Adrienne Hope. By Matilda M. Hays. 2 vole. (Newby.)—A. better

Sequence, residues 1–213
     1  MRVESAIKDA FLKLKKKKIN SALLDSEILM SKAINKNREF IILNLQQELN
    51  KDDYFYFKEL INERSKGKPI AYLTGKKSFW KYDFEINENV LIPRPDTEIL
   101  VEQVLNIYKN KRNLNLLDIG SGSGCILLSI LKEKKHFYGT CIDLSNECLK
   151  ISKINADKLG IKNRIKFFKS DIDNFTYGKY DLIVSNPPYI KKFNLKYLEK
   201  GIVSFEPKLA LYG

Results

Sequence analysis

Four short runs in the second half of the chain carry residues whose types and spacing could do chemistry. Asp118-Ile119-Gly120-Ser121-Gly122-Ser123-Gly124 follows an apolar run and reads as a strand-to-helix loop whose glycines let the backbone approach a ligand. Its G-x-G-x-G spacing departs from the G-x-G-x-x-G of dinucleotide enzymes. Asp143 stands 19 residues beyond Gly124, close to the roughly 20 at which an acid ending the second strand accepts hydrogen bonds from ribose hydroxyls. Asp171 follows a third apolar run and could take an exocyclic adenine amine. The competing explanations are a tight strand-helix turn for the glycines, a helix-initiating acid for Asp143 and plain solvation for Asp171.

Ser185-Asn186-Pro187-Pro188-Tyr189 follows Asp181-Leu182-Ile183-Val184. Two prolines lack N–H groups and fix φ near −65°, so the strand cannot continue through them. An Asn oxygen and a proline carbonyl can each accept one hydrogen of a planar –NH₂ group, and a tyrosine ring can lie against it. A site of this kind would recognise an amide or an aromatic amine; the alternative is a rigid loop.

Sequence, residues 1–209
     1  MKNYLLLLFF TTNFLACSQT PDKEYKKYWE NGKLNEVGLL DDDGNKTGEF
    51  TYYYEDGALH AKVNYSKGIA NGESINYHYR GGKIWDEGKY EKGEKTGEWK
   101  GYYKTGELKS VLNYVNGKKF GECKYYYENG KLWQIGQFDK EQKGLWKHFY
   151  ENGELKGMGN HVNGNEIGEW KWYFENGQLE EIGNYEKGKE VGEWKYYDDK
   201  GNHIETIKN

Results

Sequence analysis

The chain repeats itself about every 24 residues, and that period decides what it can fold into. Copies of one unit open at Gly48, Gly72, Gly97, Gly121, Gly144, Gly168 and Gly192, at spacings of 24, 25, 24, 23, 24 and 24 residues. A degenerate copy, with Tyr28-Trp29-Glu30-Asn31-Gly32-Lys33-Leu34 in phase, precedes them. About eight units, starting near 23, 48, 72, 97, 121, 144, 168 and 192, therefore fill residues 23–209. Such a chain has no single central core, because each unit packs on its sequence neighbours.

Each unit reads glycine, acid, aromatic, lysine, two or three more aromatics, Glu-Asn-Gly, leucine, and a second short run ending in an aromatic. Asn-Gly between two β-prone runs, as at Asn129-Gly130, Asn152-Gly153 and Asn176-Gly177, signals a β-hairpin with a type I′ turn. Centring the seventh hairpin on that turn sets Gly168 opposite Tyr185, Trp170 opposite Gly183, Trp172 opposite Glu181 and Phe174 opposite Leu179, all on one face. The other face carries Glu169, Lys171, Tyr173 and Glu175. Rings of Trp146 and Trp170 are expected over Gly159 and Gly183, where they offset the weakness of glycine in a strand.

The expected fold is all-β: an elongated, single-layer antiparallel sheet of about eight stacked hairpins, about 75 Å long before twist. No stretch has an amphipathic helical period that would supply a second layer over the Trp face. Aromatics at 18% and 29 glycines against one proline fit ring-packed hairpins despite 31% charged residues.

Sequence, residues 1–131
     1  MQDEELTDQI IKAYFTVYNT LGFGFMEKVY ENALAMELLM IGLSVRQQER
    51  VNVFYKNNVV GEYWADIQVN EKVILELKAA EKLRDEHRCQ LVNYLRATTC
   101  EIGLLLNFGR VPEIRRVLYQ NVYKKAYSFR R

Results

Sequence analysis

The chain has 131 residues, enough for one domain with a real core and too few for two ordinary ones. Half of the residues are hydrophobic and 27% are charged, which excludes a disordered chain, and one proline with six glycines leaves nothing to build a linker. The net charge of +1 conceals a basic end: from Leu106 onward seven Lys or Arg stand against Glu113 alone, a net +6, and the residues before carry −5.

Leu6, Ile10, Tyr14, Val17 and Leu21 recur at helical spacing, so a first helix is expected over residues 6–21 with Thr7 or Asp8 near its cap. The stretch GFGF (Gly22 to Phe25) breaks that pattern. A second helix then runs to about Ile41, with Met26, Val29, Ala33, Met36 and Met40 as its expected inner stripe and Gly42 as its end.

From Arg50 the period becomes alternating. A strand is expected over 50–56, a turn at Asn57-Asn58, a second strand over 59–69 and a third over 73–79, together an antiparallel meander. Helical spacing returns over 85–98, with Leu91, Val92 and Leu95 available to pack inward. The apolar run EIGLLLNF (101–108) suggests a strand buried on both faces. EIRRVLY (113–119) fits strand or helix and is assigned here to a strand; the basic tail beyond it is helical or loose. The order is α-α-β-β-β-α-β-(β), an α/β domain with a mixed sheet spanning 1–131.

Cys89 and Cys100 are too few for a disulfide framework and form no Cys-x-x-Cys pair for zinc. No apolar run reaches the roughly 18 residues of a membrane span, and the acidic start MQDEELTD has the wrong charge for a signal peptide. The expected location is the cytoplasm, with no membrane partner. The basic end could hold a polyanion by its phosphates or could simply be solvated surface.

novel than this would have been spoilt by the singularly infelicitous arrangement of the plot. We have an account in the first fifty pages of the marriage and honeymoon of Lord Charles Luttrell; we are then taken back some five-and-twenty years in order to be present at the birth of a golden-haired girl, who is afterwards introduced to the said Lord Charles, and whose fate of coarse we know as well as we do that of the rabbit that is put into the boa constrictor's cage. This is most distressing to a well constituted mind, that has no pleasure in contem- plating the aristocratic dragon engaged upon his horrible meal ; and we cannot say that the depression of mind thus occasioned is at all alleviated by the very honest but very tedious love-making of the other personages in the story. Our authoress, however, did not write the novel for the sake of telling a story ; she merely wished to air her views about woman's rights, spiritualism, Ristori, Gibson, dm., which she puts into the month of a certain Miss Reay, at whose feet all the personages of the book sit from time to time, and imbibe much useless knowledge.